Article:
Hope College senior Austin Krehel of Lapeer won a third-place award for the research poster he presented on arsenic poisoning during MEDGEO 2013, the fifth international conference on medical geology, in August.

MEDGEO brings together researchers and decision makers from the physical sciences and the medical sciences who are interested in solving health problems caused by natural materials and processes.  Featuring the theme “The Natural Environment and Health:  Hidden Dangers, Unlimited Opportunities,” this year’s conference was held in Arlington, Va., on Sunday-Thursday, Aug. 25-29.

Krehel was recognized for his presentation “Organic Carbon and Arsenic Fractionation and Sorption Mechanisms within Groundwater Sediment Interface within West Bengal Aquifers,” which featured research he conducted this summer through an internship at Kansas State University.

“There were two main focuses of my research,” said Krehel, who is majoring in geology and minoring in environmental science at Hope.  “They both had to do with the arsenic poisoning calamity, which is a current problem in Bangladesh and India.”

“Part of my research was understanding how arsenic binds to and is released from organic carbon in groundwater sediment,” he said.  “We also looked at how the presence of iron and manganese affects the binding, or adsorption, to the organic carbon within the groundwater sediment.”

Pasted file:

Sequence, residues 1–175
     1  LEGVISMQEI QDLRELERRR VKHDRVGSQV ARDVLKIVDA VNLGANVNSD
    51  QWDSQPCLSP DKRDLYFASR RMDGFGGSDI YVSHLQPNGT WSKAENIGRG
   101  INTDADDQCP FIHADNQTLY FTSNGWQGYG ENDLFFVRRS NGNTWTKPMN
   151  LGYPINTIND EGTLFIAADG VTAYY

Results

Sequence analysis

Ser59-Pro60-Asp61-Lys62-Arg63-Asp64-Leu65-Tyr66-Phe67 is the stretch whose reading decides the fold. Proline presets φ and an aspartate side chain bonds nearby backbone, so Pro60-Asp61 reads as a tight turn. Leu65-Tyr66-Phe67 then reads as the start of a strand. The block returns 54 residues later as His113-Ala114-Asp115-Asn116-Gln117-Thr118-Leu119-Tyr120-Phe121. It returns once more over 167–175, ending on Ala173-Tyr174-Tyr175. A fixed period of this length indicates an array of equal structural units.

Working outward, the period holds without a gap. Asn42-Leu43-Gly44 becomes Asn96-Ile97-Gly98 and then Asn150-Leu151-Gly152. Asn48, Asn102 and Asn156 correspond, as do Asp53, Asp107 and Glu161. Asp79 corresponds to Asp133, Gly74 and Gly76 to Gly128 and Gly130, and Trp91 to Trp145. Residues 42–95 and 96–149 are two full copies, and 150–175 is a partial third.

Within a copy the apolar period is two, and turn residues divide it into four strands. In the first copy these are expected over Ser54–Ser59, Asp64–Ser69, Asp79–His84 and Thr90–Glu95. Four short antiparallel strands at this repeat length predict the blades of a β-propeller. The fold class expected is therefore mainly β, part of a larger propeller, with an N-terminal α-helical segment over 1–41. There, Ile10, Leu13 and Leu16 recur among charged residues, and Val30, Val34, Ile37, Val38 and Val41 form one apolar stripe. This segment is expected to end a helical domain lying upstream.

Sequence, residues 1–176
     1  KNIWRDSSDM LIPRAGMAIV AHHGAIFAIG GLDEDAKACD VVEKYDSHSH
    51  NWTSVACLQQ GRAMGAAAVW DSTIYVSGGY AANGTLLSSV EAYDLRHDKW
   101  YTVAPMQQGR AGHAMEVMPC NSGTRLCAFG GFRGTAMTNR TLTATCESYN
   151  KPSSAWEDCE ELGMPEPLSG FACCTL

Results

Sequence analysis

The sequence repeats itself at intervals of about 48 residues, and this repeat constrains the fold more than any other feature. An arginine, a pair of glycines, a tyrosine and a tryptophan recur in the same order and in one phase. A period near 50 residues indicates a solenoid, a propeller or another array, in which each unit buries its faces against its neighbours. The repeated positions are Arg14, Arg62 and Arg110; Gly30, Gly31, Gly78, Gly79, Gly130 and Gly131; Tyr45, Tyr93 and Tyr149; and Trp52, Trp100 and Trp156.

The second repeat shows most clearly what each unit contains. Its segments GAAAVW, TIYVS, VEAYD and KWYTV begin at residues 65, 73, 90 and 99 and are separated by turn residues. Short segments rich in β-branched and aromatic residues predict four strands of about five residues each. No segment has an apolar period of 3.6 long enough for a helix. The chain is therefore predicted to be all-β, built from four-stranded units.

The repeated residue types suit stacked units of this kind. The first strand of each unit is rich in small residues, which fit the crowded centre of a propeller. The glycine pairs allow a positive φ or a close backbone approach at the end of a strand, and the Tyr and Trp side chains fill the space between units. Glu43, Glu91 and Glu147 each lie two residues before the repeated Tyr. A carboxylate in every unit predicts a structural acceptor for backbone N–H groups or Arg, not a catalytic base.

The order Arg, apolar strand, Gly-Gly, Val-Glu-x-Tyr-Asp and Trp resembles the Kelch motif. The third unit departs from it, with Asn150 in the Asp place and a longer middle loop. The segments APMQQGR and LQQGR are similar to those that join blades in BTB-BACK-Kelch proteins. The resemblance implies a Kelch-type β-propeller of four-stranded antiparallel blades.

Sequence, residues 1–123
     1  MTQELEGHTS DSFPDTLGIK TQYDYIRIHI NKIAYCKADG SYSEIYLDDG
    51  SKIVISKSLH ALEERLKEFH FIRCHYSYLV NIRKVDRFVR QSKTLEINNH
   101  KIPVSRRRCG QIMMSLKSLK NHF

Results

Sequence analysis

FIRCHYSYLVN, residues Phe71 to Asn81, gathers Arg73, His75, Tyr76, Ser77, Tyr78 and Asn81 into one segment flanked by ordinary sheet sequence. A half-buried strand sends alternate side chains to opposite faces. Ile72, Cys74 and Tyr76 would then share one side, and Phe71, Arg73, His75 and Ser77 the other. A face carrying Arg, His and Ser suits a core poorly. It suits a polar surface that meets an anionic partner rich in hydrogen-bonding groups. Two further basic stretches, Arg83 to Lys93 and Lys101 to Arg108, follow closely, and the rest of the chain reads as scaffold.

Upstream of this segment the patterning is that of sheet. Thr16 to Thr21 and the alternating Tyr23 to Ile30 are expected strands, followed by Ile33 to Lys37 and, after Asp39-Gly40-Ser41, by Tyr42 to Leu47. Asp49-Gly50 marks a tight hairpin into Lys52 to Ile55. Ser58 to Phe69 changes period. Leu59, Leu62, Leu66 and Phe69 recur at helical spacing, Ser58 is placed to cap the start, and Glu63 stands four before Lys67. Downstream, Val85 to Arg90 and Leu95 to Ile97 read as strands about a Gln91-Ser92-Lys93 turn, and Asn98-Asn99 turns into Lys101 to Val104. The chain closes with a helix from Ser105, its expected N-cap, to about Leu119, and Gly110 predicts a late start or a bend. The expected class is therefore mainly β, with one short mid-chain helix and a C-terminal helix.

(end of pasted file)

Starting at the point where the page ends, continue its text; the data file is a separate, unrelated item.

“The other part, which particularly had to do with this MEDGEO conference, was how arsenic bioaccumulates in rice grains,” he said.  “The major source of consumed arsenic is from the drinking water, and health affects from high arsenic consumption include cancers, arsenicosis, melanosis, keratosis, cardiovascular and respiratory diseases, as well as many other diseases and health issues.  Since rice is a staple food to these arsenic affected regions, the accumulation of arsenic into the rice is another source of consumed arsenic.”

Krehel conducted his research through from late May to late July mentored by Dr. Saugata Datta of the Kansas State University faculty.  He had become interested in the topic during the previous school year at Hope, while attending a session linking geologic and environmental process to human health during the national Geological Society of America meeting in November 2012.

His time at Kansas State University this summer followed other research experiences at Hope, including participating in a research project full-time for 10 weeks during the summer of 2012 with Hope geologists Dr. Edward Hansen and Dr. Brian Bodenbender and Dr. Brian Yurk of the mathematics faculty that focused on the change in shape of sand dunes.  He also worked with Hansen on a project analyzing the chemical and mineralogical changes between different rocks from Sweden to interpret the region’s history.

Krehel noted that his work in Kansas this past-summer was well-timed given his most recent coursework at Hope.

“It was nice to begin the research shortly after ending my junior year, since I could apply a lot of what I learned in geochemistry and mineralogy to my research,” he said.  “These were my most difficult, but also favorite and most helpful classes.”

Krehel, who intends to pursue graduate studies after graduating from Hope this coming May, also valued the additional insight his experience in Kansas this summer provided into what he might expect.

“I had the opportunity to work with numerous graduate students, which was a good eye-opener for the workload and more research-based work they have,” he said.